North Korea accuses US of ‘double-dealing’ over South Korean missiles

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North Korean state media accused the Biden administration Sunday of “shameful double-dealing” by scrapping an agreement limiting the range of South Korea’s ballistic missiles.

President Biden and his South Korean counterpart Moon Jae In announced the termination of the so-called “Revised Missile Guidelines” in a single sentence of their joint statement following a meeting at the White House earlier this month.

The guidelines were initially implemented in 1979 in the hope of preventing a nuclear arms race on the Korean Peninsula. They had been revised several times since. According to Foreign Policy magazine, the restrictions initially limited the range of Seoul’s missiles to 180 kilometers (111.8 miles). The most recent change to the distance guidelines, in 2012, capped South Korea’s ballistic missile range at 800 kilometers (497.1 miles).

On Sunday, North Korea’s KCNA propaganda agency published a screed by Kim Myong Chol, an unofficial spokesperson for the Pyongyang regime described by KCNA as an “international affairs critic.”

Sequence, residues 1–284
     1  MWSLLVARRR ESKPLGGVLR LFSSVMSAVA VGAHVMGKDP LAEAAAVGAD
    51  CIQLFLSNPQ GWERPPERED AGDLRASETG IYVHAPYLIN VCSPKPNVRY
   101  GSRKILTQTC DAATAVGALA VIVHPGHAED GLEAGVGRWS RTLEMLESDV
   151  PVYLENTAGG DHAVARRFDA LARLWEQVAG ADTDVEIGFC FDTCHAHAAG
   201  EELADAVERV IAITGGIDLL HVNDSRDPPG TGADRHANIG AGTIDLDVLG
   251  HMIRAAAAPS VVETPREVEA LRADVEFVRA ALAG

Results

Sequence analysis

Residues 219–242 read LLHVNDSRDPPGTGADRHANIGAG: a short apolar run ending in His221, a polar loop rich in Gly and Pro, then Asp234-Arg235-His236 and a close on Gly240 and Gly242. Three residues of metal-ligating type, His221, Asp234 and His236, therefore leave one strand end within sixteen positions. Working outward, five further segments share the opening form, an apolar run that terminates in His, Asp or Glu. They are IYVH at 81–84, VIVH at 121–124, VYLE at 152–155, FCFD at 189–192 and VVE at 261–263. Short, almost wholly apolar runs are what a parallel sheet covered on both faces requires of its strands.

In the article, first reported by Reuters, Kim accused the US of being “engrossed in confrontation despite its lip-service to dialogue” and claimed “the termination step is a stark reminder of the US hostile policy toward the DPRK [North Korea] and its shameful double-dealing.”

Kim briefly raged against Moon in the article for what he called the “disgusting” and “indecent act” of “putting himself within the gun-sights of regional countries,” but saved the bulk of his criticism for the United States.

“Now that the US and the [S]outh Korean authorities made clear their ambition of aggression, they are left with no reasons whatsoever to fault the DPRK bolstering its capabilities for self-defense,” he wrote. “We will counter the US on the principle of strength for strength and good faith in kind.”

North Korea last conducted a missile test in March of this year, its first launches in more than a year.

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